Unearned runs costly in White Sox’ fifth consecutive loss
First-year manager Rick Renteria has been pushing for a clean brand of baseball from his White Sox, and for the most part he has gotten that.
But not in Thursday night’s 7-6 loss to the Twins, which extended the Sox’ losing streak to five games. It also was their eighth loss in the last 10 games.
An error by first baseman Jose Abreu on a routine, belt-high return throw from second baseman Tyler Saladino on what should have been an inning-ending double play set up a four-run first for the Twins (17-14), who built an early 6-0 lead but were forced to bring in their closer before it was over.
The Sox, who scored two runs in the fourth, could have had more, but Matt Davidson was easily thrown out at third by left fielder Eddie Rosario. Davidson, trying to advance from first with the play in front of him, admitted to knowing Rosario’s throwing skill.
“It was a little too aggressive,’’ he said.
When asked about Abreu’s shaky defense, Renteria went on the defensive by pointing to a difficult scoop Abreu made in the eighth inning.
“Did you like the pick with the strikeout?” Renteria said. “That comes with it, too. Actually, I like his defense. There are times when, like today, on the potential double play that ended up dropping out of his glove. We talked to him a little about the mitt that he uses, to be honest. He’s a good defender. In that particular moment, the ball got away from him.”
But starter Derek Holland (3-2, 2.43) took the responsibility for the loss after allowing three homers, including a three-run blast by former Sox Eduardo Escobar two batters after the error. Holland also allowed solo shots in the second to Brian Dozier and Miguel Sano.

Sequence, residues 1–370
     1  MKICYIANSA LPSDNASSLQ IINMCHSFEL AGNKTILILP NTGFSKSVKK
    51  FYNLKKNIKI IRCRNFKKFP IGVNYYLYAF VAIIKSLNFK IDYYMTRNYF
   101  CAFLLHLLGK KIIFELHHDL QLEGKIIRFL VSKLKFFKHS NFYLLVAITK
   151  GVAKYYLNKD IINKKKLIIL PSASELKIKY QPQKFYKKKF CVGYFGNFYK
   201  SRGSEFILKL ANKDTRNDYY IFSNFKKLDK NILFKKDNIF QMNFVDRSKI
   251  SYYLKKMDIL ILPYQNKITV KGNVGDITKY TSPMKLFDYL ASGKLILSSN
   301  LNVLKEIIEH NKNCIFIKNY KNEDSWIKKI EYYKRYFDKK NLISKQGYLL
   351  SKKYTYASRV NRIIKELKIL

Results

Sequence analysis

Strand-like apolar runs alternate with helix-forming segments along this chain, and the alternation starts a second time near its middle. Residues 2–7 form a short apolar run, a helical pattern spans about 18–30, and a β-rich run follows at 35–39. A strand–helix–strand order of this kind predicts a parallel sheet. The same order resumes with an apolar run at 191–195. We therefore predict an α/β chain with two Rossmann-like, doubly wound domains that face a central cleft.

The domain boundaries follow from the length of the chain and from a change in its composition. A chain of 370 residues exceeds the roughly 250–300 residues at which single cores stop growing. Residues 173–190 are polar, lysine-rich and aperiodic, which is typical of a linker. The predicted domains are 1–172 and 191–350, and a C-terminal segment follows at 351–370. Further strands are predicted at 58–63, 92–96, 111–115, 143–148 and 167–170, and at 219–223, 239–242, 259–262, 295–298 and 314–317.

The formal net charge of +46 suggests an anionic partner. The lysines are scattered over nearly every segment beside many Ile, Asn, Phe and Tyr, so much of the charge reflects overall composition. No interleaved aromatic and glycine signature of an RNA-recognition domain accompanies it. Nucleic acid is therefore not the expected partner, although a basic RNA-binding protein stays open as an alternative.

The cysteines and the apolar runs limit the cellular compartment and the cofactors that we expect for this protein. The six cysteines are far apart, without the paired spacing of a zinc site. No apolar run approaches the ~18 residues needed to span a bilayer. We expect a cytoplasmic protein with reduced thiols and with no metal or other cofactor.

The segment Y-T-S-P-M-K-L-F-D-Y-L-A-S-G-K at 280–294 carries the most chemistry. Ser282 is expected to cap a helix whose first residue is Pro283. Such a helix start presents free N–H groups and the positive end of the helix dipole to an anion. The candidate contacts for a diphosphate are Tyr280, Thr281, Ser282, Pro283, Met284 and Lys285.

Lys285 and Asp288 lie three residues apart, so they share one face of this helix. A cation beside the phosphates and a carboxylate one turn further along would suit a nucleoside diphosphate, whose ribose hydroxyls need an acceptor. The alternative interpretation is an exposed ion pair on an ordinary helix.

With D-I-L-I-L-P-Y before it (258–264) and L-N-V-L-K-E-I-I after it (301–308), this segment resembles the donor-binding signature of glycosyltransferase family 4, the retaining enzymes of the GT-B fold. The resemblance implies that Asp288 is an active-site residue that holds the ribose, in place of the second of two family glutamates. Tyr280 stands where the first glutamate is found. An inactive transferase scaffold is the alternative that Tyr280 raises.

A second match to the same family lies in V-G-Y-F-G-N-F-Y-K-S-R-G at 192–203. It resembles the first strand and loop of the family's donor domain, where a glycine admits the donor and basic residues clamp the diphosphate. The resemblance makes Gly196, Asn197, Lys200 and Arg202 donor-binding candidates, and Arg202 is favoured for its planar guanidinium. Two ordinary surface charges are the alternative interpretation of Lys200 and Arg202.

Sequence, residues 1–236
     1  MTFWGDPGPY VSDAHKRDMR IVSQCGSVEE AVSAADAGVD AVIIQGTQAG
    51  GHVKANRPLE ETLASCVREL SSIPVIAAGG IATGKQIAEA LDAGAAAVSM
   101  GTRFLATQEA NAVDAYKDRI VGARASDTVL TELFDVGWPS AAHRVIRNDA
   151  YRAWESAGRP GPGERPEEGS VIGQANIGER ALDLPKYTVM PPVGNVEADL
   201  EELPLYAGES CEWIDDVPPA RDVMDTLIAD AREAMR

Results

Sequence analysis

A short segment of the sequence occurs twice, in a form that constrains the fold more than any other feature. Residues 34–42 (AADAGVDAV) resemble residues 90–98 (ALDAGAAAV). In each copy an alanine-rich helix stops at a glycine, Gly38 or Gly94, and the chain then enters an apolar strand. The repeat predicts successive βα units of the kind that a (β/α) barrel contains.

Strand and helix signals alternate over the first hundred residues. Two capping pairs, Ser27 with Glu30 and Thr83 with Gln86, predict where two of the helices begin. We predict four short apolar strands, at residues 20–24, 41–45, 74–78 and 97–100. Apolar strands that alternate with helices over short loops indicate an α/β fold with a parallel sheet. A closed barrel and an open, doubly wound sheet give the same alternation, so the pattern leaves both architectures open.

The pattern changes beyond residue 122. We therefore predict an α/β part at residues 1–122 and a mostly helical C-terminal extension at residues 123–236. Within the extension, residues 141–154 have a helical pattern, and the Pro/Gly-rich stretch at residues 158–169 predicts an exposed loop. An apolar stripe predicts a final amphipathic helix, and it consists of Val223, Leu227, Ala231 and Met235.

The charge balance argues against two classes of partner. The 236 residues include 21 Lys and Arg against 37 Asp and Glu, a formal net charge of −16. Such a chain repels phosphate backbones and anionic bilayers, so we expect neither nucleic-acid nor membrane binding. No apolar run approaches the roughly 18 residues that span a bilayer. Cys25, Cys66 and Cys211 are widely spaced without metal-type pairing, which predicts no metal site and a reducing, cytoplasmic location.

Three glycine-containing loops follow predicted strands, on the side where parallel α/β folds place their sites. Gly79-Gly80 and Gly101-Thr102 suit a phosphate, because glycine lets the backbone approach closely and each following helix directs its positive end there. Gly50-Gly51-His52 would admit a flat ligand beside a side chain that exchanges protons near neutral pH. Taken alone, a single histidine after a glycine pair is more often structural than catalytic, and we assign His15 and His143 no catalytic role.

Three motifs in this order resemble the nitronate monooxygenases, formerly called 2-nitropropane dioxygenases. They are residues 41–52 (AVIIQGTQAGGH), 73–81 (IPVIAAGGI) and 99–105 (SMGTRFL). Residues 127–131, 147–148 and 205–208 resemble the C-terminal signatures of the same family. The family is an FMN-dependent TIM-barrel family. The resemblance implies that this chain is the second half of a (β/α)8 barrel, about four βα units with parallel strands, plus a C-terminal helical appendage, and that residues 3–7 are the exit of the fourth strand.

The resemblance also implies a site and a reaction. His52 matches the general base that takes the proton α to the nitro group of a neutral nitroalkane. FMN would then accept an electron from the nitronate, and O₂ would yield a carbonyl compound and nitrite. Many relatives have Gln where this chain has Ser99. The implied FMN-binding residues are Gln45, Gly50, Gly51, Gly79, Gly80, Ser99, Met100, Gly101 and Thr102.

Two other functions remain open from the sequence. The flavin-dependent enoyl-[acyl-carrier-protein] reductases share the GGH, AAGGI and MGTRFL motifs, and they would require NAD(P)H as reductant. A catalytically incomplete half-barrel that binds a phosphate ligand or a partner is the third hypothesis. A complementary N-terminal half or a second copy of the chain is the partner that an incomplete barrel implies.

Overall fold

“You don’t think like that,’’ Holland said. “Those guys are going to make the plays. I still have to make pitches after that no matter what happens. I know what the situation was, but overall I feel like it’s my fault more than anything. I didn’t execute the pitches after that, and that’s what put us in that bigger hole.’’
Holland allowed seven runs — three earned — six hits and four walks in five innings.
“I found what I needed to do to get back into a groove, but it wasn’t quite good enough,’’ he said.
The Sox got back in the game by nicking Phil Hughes for two runs in the fourth and got a three-run homer from Melky Cabrera in the fifth, then closed to within 7-6 in the sixth when Davidson hit his sixth homer of the season.
“I don’t know if I ever got the barrel up that high but I’ll take it,’’ said Davidson, who entered in a 2-for-27 rut, collected his first RBI of the night on a sharply hit fielder’s choice.
Brandon Kintzler recorded five outs, including getting Abreu (0-for-5) to end the game on a well-hit fly to right.
On the bright side, the Sox bullpen continued to shine, contributing four scoreless innings after Holland exited.
Anthony Swarzak (0.00 ERA) pitched two scoreless innings to extend his career-high scoreless streak to 16⅔ innings, and Tommy Kahnle extended his scoreless streak to nine innings.
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